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According to Paarfi of Roundwood, The Messenger was an individual of extreme unimportance. His role was described in the history entitled "Special Tasks", which formed a portion of the novel Tiassa.

We are led to understand that due to his extremely unimportant qualities, that the House, rank, and even name of this individual were not worthy of discussion, nor indeed, even worthy of recording for posterity in the history the author was laying out for his readers.

It is, of course, the duty of the responsible historian not to waste any reader's time with any trivial or inconsequential information. Such information becomes a burden on the mind of the reader, needlessly distracting him from the fullest comprehension of the more important events being described. This can lead to lack of clarity on the part of the narrative, and impede the reader in their appreciation for the events as they unfolded.

At the same time, an individual, however unimportant, who touches on events key to the history being relayed must necessarily be mentioned at least in passing. Omitting the role of such a person completely would run the risk of allowing the reader to become confused as to exactly how certain events had taken place, and in what precise order.

For example, in the case of The Messenger, had his role not been disclosed in the narrative of the history that the author had so ably provided, then it would remain unexplained to the reader just how exactly Khaavren, the Captain of the Phoenix Guard at the time of the history being told, became aware of the injuries suffered to a certain Easterner named Vlad Taltos that formed such an important and interesting turn of events within that narrative; indeed, one could well argue (and quite correctly) that these events were, in fact, the primary reason for the history even to be worthy of notice; thereby drawing the attention of the humble historian to record the events and relay them to his readers in a manner appropriate not only to their level of understanding, but also to incite in them a certain intrigue and interest which, while not strictly necessary to the role of the historian, is certainly a valuable and useful ability in relieving the ennui of the reader inasmuch as it is possible to do so without varying from the strict progression of events, one upon another, in the truest and most historically accurate manner achievable.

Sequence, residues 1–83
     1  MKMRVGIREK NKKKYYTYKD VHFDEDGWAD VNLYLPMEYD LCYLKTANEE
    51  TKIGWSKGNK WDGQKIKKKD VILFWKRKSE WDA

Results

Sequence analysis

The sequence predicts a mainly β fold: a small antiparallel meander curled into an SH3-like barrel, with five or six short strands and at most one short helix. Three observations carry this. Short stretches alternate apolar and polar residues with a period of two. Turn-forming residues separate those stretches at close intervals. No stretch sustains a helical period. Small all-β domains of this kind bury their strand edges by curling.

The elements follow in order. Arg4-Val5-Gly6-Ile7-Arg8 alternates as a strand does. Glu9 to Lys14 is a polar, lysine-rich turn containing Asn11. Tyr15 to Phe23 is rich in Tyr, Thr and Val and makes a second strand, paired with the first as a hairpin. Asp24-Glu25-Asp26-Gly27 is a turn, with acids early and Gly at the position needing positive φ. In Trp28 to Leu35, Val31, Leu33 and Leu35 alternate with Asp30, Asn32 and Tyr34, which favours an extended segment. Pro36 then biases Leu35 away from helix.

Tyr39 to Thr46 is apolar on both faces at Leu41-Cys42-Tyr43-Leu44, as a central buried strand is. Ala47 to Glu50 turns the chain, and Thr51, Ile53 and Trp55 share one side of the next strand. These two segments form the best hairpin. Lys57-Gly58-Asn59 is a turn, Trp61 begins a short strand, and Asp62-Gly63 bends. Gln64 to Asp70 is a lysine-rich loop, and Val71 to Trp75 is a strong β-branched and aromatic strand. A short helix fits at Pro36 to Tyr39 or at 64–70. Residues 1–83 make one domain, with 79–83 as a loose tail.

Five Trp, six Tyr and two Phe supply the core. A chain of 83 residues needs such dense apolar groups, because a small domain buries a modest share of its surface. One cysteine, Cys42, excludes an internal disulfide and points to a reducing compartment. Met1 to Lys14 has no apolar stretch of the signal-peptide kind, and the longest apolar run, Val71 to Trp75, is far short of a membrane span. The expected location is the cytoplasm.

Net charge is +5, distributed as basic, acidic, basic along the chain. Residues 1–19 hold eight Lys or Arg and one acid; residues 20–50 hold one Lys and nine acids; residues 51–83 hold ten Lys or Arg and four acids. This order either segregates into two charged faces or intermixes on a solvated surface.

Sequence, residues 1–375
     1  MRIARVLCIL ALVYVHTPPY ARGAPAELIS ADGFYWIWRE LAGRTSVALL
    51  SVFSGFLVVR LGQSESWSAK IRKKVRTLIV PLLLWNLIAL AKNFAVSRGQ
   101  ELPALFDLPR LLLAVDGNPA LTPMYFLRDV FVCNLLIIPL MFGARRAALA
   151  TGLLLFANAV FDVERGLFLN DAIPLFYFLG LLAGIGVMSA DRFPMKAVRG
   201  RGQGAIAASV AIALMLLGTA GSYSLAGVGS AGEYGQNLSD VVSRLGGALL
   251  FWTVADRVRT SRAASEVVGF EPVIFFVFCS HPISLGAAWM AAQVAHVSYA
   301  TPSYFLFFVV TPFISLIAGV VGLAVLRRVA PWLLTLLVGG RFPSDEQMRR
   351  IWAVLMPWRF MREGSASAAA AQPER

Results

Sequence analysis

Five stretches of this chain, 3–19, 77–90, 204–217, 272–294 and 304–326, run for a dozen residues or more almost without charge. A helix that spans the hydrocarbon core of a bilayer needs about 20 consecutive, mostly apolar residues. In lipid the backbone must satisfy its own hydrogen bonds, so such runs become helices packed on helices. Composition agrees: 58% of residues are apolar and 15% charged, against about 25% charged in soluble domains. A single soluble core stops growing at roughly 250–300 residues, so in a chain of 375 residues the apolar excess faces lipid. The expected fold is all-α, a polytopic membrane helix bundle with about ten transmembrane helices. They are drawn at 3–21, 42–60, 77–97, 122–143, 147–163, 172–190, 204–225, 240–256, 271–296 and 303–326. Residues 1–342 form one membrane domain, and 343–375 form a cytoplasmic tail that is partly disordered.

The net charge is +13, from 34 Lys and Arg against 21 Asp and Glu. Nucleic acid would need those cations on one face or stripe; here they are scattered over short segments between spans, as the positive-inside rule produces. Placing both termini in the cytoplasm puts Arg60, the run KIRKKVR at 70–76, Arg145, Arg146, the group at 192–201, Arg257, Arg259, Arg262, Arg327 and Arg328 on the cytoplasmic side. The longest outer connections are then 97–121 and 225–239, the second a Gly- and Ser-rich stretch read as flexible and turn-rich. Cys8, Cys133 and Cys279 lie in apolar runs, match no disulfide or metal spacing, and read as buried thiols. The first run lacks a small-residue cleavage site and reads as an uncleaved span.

It is therefore, of course, critical that the course of the narrative never strays too far from the important historical details being relayed with unimportant digression or tangential discussions of an unrelated nature. Such is the duty of the assiduous historian.

We find it gratifying, therefore, that the author chose to spend so little time and energy in the discussion of such an insignificant personage as The Messenger, as this should illustrate just how fully mindful the author was to his solemn responsibilities as an author, and a Historian. The brevity and concise nature of the descriptions of this individual, in relation to his minor role in the history being relayed, is therefore a testament, not only to the author's ability, but also to his keen sense of duty.

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